President Obama lauded Friday's landmark decision by the Supreme Court -- which declared same-sex couples have a right to marry in all 50 states -- calling it a "victory for America" and describing the 5-4 ruling as "justice that arrives like a thunderbolt."
"This morning, the Supreme Court recognized that the Constitution guarantees marriage equality," Obama said. "In doing so, they have reaffirmed that all Americans are entitled to the equal protection of the law; that all people should be treated equally, regardless of who they are or who they love.
"Today we can say in no uncertain terms that we made our union a little more perfect," he said. "What an extraordinary achievement."
The president spoke from the White House Rose Garden shortly after a divided Supreme Court ruled 5-4 in favor of same-sex marriages anywhere in the United States. Justice Anthony Kennedy wrote for the majority, with the four liberal justices.
"No union is more profound than marriage, for it embodies the highest ideals of love, fidelity, devotion, sacrifice and family," Kennedy wrote. "In forming a marital union, two people become something greater than they once were."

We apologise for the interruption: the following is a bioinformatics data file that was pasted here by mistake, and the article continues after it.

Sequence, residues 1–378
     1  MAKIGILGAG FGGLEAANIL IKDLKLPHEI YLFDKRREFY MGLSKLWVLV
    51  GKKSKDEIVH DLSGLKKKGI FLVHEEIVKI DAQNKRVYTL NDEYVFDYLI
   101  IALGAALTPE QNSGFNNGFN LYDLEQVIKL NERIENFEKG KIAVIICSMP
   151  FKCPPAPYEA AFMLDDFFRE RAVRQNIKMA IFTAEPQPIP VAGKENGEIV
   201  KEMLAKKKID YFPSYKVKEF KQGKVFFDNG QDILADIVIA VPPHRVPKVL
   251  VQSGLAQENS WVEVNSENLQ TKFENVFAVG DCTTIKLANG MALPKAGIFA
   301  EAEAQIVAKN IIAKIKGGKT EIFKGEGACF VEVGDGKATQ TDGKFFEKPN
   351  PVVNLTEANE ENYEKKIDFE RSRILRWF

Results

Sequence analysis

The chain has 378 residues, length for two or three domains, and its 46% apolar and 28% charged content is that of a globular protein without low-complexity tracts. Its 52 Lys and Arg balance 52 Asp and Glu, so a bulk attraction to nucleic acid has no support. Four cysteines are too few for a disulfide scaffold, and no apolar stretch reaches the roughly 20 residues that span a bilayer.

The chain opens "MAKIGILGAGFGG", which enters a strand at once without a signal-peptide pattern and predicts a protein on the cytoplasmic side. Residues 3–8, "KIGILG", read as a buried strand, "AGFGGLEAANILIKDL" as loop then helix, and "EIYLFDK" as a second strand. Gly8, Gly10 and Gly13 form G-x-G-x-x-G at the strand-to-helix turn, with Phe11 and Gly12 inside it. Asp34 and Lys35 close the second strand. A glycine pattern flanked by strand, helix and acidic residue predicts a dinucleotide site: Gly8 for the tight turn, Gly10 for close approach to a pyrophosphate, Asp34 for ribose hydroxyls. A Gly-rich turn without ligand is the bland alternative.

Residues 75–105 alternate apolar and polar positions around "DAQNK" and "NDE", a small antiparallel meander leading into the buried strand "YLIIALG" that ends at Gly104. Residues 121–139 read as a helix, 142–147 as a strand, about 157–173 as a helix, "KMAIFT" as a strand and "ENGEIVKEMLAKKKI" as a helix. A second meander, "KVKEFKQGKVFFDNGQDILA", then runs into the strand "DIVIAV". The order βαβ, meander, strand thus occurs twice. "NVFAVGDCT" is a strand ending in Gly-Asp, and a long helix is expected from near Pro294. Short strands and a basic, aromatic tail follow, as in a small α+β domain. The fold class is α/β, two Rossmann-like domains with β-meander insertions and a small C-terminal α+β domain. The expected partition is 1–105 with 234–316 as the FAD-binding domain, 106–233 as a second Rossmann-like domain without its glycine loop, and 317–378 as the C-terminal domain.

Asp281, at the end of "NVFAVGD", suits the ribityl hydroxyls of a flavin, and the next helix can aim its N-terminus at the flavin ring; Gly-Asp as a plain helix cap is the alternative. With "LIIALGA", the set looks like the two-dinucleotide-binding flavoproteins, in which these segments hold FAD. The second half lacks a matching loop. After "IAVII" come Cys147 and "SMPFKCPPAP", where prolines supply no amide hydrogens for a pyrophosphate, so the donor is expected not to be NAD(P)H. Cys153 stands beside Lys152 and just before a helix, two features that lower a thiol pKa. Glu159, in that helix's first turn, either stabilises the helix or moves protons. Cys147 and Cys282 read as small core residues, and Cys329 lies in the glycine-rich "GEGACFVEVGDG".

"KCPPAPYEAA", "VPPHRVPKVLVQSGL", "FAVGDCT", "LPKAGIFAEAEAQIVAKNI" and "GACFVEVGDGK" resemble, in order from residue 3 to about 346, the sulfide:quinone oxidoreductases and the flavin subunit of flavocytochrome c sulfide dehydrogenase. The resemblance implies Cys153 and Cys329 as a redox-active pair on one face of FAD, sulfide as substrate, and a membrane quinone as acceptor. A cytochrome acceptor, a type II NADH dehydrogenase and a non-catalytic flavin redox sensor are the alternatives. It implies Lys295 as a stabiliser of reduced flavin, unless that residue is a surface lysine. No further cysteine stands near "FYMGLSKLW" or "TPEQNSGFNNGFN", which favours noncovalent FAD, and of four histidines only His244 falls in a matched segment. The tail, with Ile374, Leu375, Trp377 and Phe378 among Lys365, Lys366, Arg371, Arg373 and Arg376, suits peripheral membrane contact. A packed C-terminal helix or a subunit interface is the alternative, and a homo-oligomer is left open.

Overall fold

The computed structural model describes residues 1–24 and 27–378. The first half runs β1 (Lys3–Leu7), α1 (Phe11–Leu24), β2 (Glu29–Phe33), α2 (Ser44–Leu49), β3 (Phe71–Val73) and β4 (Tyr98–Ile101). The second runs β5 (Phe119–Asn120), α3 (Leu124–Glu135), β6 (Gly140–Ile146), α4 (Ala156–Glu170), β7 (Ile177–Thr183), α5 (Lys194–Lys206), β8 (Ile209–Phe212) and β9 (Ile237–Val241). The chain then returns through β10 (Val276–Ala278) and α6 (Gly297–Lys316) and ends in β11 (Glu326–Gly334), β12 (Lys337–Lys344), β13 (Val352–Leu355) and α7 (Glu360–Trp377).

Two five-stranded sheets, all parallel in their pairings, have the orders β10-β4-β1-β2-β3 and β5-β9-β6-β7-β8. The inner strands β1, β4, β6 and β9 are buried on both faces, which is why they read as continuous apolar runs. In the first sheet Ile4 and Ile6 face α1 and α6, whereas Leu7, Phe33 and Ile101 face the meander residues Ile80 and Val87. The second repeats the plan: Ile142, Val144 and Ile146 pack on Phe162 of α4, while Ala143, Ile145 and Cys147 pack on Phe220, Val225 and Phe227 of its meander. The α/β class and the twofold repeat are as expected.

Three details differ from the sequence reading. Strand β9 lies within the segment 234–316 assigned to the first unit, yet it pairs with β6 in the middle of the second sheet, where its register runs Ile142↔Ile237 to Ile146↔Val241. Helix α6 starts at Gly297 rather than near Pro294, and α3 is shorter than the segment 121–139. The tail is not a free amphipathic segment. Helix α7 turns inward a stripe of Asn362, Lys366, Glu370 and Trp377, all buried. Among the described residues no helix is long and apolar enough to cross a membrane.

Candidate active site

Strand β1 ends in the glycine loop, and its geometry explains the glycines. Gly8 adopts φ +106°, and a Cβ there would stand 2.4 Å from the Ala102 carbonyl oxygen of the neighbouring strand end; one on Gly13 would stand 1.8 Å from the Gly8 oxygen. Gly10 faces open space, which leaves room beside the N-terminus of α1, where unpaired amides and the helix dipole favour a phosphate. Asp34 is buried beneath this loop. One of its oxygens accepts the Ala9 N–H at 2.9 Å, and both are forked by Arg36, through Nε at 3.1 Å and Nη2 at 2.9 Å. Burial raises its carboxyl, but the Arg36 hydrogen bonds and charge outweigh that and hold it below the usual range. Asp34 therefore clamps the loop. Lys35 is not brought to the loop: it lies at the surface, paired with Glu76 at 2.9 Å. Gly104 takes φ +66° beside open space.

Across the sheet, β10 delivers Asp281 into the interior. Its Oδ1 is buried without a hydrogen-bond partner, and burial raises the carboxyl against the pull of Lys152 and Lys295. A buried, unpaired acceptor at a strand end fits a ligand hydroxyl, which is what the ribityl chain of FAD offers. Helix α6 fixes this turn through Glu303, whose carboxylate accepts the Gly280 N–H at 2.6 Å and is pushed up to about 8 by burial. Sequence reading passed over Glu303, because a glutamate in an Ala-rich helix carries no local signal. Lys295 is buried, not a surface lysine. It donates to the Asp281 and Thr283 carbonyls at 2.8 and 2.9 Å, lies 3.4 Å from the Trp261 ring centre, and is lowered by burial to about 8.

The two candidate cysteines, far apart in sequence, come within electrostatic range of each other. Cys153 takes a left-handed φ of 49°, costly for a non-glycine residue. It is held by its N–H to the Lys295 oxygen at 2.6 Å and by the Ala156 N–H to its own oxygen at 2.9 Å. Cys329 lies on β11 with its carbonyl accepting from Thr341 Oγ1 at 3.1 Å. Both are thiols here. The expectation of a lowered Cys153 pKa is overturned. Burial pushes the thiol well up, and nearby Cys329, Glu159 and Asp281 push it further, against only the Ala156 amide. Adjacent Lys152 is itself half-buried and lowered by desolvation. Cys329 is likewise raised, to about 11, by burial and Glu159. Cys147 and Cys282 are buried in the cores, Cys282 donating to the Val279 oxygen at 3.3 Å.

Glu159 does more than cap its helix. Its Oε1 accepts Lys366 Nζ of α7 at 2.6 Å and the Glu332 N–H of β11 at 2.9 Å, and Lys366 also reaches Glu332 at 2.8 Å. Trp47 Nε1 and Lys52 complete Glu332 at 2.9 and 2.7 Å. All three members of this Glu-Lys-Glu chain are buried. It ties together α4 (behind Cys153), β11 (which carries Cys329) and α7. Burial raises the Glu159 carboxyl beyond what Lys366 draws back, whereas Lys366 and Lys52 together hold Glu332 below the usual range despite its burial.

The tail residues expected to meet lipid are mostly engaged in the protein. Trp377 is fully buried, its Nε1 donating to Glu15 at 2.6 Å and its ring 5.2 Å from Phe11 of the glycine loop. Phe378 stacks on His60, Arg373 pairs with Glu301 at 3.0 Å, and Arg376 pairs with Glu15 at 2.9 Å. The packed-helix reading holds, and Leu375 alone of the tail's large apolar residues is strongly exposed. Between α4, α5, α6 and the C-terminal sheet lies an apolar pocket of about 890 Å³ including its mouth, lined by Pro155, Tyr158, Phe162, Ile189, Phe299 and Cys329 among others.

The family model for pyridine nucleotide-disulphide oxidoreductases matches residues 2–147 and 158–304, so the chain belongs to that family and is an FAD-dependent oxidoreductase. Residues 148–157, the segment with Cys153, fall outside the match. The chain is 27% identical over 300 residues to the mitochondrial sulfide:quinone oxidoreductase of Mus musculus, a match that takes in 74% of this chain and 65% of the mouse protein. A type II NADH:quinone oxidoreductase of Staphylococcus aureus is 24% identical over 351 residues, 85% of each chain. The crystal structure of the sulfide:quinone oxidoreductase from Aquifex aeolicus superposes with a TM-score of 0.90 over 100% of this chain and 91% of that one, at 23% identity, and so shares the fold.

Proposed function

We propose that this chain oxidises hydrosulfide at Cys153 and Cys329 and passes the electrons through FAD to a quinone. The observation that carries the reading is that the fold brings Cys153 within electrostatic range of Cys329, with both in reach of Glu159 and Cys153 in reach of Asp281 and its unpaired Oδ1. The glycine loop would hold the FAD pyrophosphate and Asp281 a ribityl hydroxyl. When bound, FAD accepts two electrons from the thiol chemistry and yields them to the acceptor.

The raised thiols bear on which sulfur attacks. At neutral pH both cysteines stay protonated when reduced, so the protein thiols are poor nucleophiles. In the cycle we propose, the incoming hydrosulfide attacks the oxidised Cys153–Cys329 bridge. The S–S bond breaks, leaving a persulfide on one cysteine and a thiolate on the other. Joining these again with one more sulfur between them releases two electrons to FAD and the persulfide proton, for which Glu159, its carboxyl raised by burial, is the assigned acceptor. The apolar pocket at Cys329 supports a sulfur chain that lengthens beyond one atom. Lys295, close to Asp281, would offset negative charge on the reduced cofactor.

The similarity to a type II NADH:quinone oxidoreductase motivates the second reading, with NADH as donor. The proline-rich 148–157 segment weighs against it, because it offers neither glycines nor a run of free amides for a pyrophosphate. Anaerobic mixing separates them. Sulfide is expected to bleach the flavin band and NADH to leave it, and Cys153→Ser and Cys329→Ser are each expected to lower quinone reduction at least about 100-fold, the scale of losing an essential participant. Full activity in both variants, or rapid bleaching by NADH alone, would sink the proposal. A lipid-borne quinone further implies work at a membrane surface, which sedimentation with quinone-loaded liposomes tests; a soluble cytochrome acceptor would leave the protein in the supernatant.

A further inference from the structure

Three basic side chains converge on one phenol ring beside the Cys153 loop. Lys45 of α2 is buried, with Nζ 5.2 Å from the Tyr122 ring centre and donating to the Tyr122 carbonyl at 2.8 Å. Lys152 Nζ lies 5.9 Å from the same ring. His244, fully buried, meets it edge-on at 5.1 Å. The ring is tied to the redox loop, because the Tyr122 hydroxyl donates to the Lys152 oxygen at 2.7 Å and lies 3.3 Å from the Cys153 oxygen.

"Their hope," he wrote, "is not to be condemned to live in loneliness, excluded from one of civilization's oldest institutions. They ask for equal dignity in the eyes of the law. The Constitution grants them that right."
It was not until 2012 that Obama announced his own support for gay marriage. Now, he says, the court ruling will end the patchwork of laws on marriage across the country and the uncertainty that they create for same-sex couples.
Immediately after the ruling, Obama tweeted: "Today is a big step in our march toward equality. Gay and lesbian couples now have the right to marry, just like anyone else. #LoveWins"
While praising Friday's ruling, Obama also acknowledged strong opposition to it and asked Americans to be "mindful" of differing views.
"I know that Americans of good will continue to hold a wide range of views on this issue," Obama said. "Opposition, in some cases, has been based on sincere and deeply held beliefs. All of us who welcome today's news should be mindful of that fact and recognize different viewpoints, revere our deep commitment to religious freedom."
The Associated Press contributed to this report.